Dr. Krishna Chandra Paudel, secretary at the Ministry of Environment, Science and Technology, is recently in the news for his frequent foreign visits. Frustrated by personalization of the issue, Dr. Paudel spoke to New Spotlight about the outcomes of his official visit. Excerpts:
It is reported in the media that you do a lot of foreign visits. How do you look at this?
First of all, the visit of secretary of the Ministry of Environment, Science and Technology is very much personalized. I visited different countries as a secretary of Ministry on the official invitation and approval of the cabinet.
Why did you do so many visits?
Look. Ministry of Environment, Science and Technology is a part y of 24 different international conventions and agreements. The ministry is also a focal point of 24 different conventions and agreements. Naturally, secretary of Ministry receives many invitations to participate in the programs and conferences. I cannot go on my wish and the visit is not my personal one.
If that is so, why is there so much controversy on the visit?
It is merely a misunderstanding on the part of media and zealousy within the bureaucracy. The experiences have shown that it is impossible for the overall development without investment and sustainable development in science and technology. The present need is to encourage and inspire everyone to have an environment friendly behavior. This is impossible in Nepal.
It is reported that you have visited two countries within a week without permission from the Council of Minister. How do you look at this?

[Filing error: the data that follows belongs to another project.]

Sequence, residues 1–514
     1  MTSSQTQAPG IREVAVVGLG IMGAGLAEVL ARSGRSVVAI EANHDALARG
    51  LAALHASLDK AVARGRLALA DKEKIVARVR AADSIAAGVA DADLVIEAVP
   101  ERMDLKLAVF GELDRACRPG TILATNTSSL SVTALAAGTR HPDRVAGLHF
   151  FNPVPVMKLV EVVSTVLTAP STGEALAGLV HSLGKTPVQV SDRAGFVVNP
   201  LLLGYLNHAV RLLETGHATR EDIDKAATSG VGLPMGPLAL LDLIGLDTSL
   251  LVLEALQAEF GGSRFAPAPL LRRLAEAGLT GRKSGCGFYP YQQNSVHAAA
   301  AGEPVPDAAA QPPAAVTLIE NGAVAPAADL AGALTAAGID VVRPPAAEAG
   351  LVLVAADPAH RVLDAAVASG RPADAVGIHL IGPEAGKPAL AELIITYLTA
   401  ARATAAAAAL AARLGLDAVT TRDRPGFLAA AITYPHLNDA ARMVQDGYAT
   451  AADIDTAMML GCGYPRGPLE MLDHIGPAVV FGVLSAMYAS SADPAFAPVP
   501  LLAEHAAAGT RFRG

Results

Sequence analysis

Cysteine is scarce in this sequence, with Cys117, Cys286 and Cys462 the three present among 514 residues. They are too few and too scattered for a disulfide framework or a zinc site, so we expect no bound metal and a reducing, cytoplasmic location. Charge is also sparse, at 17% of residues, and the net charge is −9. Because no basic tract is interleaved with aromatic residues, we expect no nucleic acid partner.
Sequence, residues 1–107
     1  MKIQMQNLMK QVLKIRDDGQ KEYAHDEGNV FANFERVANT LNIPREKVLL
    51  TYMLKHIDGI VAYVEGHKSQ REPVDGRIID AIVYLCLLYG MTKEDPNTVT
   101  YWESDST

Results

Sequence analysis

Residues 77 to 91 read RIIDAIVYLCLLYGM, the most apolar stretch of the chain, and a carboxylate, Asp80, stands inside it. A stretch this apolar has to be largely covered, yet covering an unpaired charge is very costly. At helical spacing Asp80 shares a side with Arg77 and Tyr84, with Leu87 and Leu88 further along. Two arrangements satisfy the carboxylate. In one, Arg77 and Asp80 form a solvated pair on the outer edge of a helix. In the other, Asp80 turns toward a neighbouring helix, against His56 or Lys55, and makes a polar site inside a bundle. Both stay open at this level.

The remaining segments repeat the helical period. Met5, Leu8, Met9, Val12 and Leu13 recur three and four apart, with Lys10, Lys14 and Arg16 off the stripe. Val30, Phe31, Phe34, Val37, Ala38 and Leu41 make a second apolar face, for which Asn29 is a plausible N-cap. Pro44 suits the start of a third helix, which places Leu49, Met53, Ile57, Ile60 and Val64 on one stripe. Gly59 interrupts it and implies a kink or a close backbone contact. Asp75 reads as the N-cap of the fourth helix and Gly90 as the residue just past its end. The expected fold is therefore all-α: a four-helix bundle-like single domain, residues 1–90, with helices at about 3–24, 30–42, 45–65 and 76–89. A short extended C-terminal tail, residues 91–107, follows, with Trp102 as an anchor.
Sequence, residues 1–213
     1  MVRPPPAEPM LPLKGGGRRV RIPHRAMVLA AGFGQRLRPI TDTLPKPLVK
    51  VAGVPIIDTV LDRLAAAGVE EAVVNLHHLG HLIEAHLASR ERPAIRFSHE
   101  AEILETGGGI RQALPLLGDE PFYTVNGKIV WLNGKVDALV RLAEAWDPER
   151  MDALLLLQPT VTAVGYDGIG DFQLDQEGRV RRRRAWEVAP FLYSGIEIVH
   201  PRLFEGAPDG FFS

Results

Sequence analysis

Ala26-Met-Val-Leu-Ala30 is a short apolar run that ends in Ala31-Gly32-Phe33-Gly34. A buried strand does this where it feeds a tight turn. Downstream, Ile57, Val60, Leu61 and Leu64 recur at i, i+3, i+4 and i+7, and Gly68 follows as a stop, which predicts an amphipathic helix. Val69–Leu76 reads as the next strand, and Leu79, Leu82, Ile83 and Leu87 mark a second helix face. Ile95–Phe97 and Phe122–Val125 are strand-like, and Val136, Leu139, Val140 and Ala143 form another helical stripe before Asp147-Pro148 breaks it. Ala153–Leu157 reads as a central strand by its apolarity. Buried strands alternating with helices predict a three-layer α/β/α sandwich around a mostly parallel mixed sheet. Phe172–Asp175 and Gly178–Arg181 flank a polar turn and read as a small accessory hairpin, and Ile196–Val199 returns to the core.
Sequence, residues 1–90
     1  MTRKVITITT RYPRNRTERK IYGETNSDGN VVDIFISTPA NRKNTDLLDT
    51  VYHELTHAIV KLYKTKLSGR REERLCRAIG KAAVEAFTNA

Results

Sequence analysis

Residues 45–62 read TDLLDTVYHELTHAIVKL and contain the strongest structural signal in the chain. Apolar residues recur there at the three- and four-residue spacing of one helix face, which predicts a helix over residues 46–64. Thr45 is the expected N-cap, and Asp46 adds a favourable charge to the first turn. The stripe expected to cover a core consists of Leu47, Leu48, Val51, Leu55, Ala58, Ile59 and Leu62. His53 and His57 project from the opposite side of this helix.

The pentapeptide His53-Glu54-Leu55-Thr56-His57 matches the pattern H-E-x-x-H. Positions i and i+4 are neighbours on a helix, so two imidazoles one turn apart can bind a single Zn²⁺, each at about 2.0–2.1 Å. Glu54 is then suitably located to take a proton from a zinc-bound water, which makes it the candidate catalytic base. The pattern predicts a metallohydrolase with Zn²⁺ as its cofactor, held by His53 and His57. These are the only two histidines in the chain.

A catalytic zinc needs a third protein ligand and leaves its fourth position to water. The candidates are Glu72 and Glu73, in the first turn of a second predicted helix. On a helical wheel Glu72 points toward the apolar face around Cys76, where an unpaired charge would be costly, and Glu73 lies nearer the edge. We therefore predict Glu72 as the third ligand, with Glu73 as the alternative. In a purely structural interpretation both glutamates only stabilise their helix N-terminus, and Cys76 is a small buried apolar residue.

I want to clarify that I have not made any visit without the approval of the Council of Ministers. Recently, I dropped my visits to Bangkok and Paris even after government approval. However, I paid official visit to Kunming, China, taking part in the first Forum of China-South Asia Technology Transfer and Collaborative Innovation and Launching Ceremony for China-South Asia Technology Partnership Program. I also attended China-South Asia Expo and China Kunming Export and Import Fair. Since we don’t have a minister, I was nominated by Cabinet to attend the meeting.
As reported in the media, secretary of Science, Technology and Environment makes a lot of foreign visits. Why?
Every visit has an outcome. I do represent the government in different conventions and conferences. I conducted all the visits with the approval of Cabinet. No secretary can attend such meetings without the approval of cabinet. This is the basic norm. Knowingly and unknowingly, there is a motivated campaign against me.
As Nepal suffered devastating earthquakes in April 25 and May 12, what have you done in Ministry of Science, Technology and Environment?
From the very first day of earthquake, the ministry took several steps to study the scientific reasons of the earthquakes and future scenario. We got involved in rescue, relief and reconstruction and construction of temporary shelter management. There was a total involvement of 38 civil servants, including me. I was involved in debris management. What I realized is that the reconstruction is impossible without clearing the debris from the sites. We don’t have heavy equipment. We still use pulling the damaged buildings by rope and giving protection to the damaged house by Bamboo. This is the primitive methodology we used for months.